Rock Island Arsenal, Ill. -- The U.S. Army Sustainment Command Equal Opportunity Office hosted a potluck and historical lecture in honor of Black History Month in the Baylor Conference Room, here, Feb. 10.
George Eaton, ASC historian, was the keynote speaker. Eaton discussed an overview of black history in the U.S. Army from the Revolutionary War to the present. He focused on black history on Arsenal Island.
Eaton discussed the controversial Dred Scott Supreme Court decision, which was an indirect catalyst for the Civil War by ruling the Missouri Compromise unconstitutional.
Dred Scott, an enslaved African-American man, attempted to sue for his freedom on the grounds that he had lived in free states. The Court declared that Scott had no standing to sue because he was property and was not a citizen.
Scott's owner was a U.S. Army surgeon, Dr. John Emerson, who worked at Fort Armstrong, which was on the island from 1816 to 1836. Scott had lived in what is now the Iowa Quad Cities, which was free territory under the Missouri Compromise.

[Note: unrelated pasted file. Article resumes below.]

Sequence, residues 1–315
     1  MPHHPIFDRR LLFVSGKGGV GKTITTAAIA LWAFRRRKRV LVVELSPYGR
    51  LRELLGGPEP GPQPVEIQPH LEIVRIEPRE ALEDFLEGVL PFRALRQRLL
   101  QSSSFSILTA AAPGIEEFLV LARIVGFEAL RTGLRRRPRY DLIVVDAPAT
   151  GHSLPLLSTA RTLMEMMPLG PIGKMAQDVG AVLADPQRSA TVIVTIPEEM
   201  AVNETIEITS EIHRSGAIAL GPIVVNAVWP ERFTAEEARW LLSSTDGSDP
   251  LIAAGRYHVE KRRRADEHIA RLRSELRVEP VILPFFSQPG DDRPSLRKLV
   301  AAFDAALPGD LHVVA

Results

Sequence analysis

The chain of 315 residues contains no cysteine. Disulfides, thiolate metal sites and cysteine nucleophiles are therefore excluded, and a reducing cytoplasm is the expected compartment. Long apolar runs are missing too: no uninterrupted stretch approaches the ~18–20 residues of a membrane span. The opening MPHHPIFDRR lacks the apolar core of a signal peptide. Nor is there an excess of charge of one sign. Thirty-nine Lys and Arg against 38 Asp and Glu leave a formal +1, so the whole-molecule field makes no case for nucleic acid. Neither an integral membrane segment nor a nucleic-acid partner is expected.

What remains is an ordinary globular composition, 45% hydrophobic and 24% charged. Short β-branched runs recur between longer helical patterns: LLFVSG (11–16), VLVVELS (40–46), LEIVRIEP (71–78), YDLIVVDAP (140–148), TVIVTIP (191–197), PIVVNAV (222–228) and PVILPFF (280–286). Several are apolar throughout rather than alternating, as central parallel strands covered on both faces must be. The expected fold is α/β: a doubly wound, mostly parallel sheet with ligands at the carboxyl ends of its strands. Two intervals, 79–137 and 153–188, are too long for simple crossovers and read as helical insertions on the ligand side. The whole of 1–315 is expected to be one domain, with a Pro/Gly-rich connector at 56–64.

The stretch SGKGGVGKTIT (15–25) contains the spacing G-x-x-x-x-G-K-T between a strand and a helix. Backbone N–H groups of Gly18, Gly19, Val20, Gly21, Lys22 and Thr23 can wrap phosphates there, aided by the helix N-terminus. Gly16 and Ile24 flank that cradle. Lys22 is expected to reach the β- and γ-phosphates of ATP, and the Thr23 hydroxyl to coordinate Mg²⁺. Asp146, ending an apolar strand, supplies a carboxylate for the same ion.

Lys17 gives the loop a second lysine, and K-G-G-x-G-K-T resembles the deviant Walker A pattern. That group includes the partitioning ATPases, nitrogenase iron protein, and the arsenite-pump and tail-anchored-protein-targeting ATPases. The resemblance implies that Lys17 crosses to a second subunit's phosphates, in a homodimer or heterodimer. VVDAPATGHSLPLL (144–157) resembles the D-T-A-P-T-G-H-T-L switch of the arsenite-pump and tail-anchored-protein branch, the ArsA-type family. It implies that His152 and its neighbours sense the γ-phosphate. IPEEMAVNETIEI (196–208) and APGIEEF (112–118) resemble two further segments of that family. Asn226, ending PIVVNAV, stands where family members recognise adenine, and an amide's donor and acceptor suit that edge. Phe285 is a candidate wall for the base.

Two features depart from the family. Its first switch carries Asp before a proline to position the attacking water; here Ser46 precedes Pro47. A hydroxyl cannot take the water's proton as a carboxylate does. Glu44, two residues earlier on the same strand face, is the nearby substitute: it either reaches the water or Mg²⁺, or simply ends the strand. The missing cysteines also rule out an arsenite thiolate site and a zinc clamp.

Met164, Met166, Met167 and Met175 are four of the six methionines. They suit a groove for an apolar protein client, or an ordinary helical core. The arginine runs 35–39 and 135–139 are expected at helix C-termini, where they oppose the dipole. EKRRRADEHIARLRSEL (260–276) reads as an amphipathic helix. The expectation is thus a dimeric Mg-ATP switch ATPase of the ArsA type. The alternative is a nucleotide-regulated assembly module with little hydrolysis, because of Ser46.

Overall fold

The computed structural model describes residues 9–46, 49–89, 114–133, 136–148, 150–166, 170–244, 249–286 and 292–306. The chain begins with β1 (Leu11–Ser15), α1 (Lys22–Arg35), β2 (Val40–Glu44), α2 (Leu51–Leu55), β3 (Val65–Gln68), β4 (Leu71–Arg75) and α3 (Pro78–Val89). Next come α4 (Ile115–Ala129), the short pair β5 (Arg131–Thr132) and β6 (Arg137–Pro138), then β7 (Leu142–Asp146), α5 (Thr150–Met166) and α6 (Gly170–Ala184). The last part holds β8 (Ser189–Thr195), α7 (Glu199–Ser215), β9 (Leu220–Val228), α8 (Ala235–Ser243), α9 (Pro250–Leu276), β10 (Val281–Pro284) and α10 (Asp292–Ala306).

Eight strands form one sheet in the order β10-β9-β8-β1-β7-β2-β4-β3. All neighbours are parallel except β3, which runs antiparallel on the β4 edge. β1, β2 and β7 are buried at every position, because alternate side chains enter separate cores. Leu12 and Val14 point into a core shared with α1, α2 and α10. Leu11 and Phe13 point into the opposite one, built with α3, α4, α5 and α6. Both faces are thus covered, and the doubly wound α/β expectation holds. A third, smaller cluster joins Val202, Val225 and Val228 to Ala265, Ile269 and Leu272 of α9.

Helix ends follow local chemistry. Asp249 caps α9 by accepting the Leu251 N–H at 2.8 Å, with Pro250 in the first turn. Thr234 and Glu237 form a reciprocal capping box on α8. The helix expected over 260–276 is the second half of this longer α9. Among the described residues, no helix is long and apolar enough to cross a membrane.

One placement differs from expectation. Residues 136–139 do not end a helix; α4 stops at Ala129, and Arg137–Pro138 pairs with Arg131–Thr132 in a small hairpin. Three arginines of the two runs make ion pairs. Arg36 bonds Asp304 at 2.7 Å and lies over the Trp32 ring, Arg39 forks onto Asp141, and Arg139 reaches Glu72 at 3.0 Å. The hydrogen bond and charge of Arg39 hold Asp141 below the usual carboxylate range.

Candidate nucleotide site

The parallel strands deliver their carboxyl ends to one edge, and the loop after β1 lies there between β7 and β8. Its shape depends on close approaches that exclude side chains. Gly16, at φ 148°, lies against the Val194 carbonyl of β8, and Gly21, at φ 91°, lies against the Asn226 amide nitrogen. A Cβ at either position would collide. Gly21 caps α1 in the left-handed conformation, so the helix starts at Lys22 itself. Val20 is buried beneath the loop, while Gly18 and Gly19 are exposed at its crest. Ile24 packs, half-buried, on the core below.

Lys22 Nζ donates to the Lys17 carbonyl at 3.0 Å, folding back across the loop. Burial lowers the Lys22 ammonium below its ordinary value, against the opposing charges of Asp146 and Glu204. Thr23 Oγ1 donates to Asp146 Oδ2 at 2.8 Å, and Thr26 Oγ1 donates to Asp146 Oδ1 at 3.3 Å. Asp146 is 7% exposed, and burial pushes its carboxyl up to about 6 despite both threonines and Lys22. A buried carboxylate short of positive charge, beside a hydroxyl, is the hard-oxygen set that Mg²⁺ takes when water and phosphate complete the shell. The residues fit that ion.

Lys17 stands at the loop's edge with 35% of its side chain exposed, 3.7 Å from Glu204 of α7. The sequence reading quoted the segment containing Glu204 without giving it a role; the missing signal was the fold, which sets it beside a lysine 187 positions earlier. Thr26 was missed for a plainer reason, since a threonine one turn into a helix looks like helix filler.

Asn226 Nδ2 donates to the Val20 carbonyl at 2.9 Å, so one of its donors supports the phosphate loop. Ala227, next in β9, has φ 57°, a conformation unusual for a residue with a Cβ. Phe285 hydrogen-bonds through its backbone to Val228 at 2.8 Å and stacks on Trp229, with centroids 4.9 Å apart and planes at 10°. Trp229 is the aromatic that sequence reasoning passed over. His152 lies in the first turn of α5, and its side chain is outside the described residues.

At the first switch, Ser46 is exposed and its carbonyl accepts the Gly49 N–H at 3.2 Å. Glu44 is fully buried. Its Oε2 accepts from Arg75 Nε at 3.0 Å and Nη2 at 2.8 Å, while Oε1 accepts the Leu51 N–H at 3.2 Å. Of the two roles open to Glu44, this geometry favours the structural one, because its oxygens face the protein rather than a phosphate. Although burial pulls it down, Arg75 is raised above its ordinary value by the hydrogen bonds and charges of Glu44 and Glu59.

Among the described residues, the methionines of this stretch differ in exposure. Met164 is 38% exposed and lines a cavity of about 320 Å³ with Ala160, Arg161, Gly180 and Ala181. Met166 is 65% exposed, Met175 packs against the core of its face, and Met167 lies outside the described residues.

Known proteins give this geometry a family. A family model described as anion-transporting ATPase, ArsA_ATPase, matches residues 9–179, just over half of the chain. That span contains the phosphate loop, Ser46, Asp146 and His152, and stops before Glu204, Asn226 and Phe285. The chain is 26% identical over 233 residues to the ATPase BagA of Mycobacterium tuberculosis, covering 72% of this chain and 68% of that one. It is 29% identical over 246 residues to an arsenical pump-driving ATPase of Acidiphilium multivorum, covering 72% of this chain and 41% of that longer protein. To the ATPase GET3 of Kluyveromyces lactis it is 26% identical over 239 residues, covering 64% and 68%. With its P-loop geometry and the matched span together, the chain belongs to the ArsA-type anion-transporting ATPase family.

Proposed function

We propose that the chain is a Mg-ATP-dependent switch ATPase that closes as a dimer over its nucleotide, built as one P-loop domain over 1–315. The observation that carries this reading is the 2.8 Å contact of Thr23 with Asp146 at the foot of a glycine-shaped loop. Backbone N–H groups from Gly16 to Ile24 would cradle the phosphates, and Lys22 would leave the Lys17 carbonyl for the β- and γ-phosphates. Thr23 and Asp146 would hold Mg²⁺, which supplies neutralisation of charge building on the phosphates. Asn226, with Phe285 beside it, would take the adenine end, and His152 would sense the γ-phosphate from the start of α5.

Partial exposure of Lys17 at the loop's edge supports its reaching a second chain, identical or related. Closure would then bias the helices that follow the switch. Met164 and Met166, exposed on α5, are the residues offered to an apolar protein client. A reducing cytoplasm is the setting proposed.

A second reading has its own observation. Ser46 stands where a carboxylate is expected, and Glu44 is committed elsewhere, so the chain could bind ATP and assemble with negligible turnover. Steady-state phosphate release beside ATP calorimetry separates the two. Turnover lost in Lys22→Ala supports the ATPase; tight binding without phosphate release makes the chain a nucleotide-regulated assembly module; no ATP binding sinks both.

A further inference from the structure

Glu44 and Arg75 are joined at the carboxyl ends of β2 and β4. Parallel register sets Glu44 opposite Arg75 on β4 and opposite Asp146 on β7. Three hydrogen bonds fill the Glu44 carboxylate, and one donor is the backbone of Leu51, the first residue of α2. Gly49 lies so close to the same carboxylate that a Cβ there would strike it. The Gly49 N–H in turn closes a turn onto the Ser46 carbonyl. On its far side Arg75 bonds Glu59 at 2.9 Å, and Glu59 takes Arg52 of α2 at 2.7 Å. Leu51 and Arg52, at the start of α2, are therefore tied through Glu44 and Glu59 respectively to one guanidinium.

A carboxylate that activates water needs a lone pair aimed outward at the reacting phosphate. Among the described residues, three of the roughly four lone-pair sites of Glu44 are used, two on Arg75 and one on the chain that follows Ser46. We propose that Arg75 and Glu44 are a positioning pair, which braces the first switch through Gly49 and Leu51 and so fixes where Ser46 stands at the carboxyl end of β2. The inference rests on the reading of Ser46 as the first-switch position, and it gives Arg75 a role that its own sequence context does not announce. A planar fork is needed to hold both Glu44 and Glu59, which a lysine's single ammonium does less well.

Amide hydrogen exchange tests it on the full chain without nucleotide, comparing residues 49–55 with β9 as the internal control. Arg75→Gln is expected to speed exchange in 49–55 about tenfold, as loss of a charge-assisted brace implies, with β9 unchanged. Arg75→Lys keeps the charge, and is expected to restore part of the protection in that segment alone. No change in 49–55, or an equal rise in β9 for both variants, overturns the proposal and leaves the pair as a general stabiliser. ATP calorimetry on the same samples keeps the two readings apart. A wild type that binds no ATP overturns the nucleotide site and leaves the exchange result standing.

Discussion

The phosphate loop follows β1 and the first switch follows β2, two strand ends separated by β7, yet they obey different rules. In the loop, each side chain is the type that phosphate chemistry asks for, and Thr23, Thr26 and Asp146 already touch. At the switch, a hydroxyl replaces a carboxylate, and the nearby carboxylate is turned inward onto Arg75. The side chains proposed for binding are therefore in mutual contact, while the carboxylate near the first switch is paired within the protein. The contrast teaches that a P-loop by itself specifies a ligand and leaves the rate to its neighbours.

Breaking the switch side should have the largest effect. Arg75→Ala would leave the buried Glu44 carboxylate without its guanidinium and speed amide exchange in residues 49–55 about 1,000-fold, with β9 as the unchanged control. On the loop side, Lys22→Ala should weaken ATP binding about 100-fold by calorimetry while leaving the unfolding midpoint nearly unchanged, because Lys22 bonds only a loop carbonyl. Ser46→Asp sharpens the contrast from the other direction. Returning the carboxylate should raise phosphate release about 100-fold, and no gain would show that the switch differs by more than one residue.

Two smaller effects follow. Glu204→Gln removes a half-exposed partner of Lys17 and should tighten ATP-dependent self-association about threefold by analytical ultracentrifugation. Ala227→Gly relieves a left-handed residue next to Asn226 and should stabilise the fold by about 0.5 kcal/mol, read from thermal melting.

Eaton also talked about the black Union Soldiers who were in charge of guarding white Confederate prisoners of war at RIA during the Civil War. He said black Soldiers were given guard duty because white Union officers were skeptical that blacks would fight in regular Army operations, and they also wanted to signify to the Confederate prisoners that times had changed.
Following the Civil War, Eaton said racism persisted locally and throughout the Army. At RIA, blacks were present in small numbers, but usually were only seen in menial jobs, if at all. It was not until during the Korean War that desegregation came to the Army and RIA.
Eaton talked about an overwhelming barrier of racism that held blacks back from slow integration into the military up until president Harry Truman's desegregation order in 1948. Eaton said black and white relations gradually improved following the order.
Sgt. 1st Class Marion Wilson, equal opportunity adviser, ASC, said he thought Eaton's lecture was informative.
"I think it really highlighted some of the challenges of being a black Soldier throughout history," he said. "I would like the workforce to understand that we are getting better, but we still have a long way to go."
More than 70 RIA personnel attended the event, including Col. Lance Koenig, chief of staff, ASC, and Col. Elmer Speights, garrison commander.